The story of ayahuasca, a non-addictive hallucinogenic tea from the Amazon, tells of the promise and perils of “sacred plants” in the post-industrial world. Indigenous people traditionally employ ayahuasca, also known as yagé, in healing ceremonies. It is not what you would call a recreational drug. The foul-tasting brew, made from cooking up two, synergistically-acting plants, induces vomiting and excretion as a preface to its psychedelic effects. According to reports from experiencers, the visions can range from punishing to sublime. The sensations can range from cosmic insignificance to an ecstatic connection with the living world. Personal issues and private traumas may become transparent. Anthropologist Jeremy Narby, who spoke via Skype at the conference, claims scientists who have used the substance have experienced sudden, remarkable insights into long-standing research problems.
In spite of the high somatic entrance fee – it’s also know indigenously as La Purga – this “harsh teacher” is now a big deal for tourists of the psyche. Travellers from across the world arrive in the Amazon area looking for medicine men, or curanderos, to whack open their unconscious minds like prize-filled piñatas. Journalists from glossy publications fly down on the company dime to blow their minds through an archaic biotechnology of the soul and try to describe the indescribable. (The domestic use of ayahuasca is currently in something of a legal limbo in Canada.)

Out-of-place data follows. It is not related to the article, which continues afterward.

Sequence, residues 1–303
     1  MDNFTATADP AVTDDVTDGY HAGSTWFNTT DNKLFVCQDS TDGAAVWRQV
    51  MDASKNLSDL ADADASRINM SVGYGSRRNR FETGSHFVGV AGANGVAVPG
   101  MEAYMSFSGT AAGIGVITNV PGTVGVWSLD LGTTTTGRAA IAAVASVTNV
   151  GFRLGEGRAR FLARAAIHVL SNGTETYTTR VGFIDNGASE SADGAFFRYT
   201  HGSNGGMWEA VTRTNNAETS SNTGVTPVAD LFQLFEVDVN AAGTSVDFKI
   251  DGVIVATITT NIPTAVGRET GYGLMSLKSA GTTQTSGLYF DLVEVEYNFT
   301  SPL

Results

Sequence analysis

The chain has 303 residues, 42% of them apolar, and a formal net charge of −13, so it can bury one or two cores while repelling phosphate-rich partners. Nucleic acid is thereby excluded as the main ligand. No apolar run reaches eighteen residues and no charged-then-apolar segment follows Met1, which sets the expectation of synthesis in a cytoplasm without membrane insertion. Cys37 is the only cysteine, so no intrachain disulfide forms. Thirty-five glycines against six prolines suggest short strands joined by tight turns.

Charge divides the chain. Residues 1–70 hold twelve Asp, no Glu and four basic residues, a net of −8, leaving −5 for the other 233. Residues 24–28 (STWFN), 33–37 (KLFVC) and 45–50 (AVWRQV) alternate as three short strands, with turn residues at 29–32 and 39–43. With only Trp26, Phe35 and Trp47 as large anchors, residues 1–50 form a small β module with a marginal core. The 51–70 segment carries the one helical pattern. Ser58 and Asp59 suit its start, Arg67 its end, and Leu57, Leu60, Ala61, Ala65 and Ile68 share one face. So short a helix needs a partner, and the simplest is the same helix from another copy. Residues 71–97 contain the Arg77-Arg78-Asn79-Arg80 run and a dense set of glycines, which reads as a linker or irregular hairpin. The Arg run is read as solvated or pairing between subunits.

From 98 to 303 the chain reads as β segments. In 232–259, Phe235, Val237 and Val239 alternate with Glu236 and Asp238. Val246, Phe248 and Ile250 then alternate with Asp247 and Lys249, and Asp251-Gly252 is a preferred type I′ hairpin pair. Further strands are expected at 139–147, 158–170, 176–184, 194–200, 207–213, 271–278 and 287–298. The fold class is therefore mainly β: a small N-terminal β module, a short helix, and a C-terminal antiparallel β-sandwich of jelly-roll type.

Harvard University ethnobotanist Richard Evan Schultes first identified ayahuasca’s active ingredients in the early 1950’s. Although the jungle-trekking professor had no time for the hippies and beatniks that retraced his steps, he introduced a thrill-seeking beat writer William Burroughs to the potion. In 1953, Burroughs arrived in Bogotá and wrote back to his poet friend Allen Ginsberg about the terrifying visions produced by a hideous-tasting concoction the locals called yagé. Ginsberg, enticed into the jungle and a yagé ceremony some years later, wrote Burroughs back about own experiences, which included sensing a being that “was like some great void, surrounded by all creation – particularly coloured snakes.” (Snakes are rumoured to be dependable visitors in ayahuasca visions.)